Two Danish tourists have survived a plane crash in Nepal that left 15 of the 21 onboard dead. Andreas Rasch and Emilie Joergensen are being treated in hospital in the city of Pokhara along with three Indian survivors, two of which are children, and a Nepalese stewardess.
“It hit a muddy slope and the plane is now buried in the side of the hill,” police spokesman Binod Singh told AFP.
“We were thrown around. The seats were unfastened and we were squeezed between seats and bodies,” Ms Joergensen told Danish newspaper Ekstra Bladet. “I think it was easy for us to get out because we sat in the back and were closest to the exit,” she added.
According to police, most of the dead are Indian nationals who were heading to the Muktinath temple near Jomsom on religious pilgrimages. The plane hit a hillside after abandoning an attempt to land at the airport due to strong winds. The pilot was apparently planning to turn back to the original destination of Pokhara when the incident occurred.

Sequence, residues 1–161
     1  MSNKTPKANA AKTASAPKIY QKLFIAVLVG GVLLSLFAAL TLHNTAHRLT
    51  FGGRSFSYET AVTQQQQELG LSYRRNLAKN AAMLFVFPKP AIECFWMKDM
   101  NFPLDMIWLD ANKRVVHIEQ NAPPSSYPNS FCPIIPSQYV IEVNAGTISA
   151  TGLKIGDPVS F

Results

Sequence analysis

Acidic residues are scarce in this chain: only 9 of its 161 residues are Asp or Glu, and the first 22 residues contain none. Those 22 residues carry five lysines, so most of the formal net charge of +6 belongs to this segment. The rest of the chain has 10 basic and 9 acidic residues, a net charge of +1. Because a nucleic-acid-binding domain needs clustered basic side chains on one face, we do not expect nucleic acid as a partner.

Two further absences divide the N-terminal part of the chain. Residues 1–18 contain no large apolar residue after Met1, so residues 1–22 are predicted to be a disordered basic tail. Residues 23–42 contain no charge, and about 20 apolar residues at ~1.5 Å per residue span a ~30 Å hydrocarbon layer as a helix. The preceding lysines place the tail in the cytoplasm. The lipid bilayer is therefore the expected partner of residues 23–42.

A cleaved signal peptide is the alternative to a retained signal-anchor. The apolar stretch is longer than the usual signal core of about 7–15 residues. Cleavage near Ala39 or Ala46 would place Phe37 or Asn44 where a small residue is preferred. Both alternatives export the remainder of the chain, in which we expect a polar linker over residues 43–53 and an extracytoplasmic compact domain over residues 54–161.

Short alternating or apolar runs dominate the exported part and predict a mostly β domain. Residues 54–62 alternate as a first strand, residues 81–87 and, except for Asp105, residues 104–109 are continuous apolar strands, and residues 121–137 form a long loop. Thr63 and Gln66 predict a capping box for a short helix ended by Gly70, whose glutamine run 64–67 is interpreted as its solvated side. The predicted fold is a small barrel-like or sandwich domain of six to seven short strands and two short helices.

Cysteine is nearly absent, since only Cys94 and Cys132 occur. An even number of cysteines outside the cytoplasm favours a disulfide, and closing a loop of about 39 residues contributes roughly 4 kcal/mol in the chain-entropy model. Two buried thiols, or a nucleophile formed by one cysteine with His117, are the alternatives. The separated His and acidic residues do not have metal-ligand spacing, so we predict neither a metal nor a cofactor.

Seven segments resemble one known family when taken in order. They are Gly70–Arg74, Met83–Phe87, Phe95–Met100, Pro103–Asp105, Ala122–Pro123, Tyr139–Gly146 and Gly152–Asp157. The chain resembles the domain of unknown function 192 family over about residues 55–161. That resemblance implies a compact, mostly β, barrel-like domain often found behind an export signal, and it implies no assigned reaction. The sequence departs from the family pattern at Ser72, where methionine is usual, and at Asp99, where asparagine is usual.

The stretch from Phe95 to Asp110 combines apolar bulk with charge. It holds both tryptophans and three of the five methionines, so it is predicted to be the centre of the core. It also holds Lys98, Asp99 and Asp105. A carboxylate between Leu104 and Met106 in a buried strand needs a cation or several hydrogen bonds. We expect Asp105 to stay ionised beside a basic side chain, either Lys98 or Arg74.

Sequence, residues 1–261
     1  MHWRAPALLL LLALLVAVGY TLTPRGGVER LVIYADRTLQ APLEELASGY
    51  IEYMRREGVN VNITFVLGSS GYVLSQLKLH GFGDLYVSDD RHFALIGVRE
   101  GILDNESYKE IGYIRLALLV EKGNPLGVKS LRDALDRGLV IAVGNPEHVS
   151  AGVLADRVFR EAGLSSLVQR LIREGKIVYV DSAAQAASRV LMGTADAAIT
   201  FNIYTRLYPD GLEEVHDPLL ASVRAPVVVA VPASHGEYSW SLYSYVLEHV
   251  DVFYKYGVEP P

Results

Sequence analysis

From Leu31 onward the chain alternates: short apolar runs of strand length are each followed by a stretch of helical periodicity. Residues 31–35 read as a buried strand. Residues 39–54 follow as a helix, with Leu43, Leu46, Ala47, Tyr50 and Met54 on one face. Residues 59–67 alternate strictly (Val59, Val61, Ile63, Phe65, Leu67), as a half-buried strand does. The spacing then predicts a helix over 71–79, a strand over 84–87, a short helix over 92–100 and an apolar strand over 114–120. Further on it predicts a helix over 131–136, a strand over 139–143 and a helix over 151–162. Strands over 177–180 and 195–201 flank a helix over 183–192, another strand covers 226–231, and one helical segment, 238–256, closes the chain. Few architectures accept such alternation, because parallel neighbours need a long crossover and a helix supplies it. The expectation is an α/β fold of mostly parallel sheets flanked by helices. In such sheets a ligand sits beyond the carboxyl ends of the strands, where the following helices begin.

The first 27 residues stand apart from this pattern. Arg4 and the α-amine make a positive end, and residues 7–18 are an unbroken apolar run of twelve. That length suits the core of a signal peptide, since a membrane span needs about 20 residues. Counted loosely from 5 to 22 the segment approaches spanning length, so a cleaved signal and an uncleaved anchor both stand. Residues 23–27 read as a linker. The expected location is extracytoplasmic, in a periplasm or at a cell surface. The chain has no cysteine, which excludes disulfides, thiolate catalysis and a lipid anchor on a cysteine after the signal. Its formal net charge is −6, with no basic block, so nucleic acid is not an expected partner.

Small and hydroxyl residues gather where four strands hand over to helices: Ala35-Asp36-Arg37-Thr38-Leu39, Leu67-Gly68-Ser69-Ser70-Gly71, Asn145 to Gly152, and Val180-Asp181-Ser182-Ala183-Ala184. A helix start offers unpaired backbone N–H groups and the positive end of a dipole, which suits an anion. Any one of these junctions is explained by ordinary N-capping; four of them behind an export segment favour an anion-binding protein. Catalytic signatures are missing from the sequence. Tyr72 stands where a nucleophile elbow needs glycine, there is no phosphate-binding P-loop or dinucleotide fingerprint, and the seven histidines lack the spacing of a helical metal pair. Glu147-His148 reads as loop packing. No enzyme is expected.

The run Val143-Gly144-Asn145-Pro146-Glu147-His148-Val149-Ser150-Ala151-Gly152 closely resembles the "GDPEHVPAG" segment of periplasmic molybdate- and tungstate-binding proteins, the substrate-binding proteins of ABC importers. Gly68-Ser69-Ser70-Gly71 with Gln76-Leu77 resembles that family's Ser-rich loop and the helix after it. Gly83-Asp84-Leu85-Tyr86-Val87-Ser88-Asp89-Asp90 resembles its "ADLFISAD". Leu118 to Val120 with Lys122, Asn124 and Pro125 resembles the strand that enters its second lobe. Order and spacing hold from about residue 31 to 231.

Police confirmed that both Nepali pilots and 13 Indian passengers were killed when the aircraft broke into pieces after hitting the ground. They are now investigating whether technical failure could be the cause of the tragedy.
Indian Foreign Minister SM Krishna and Nepalese Prime Minister Baburam Bhattarai have expressed their condolences over the deaths.
Such crashes are not uncommon in Nepal’s mountainous landscape. Nineteen people died in the region last year when a plane taking tourists to view Mount Everest came down near Kathmandu.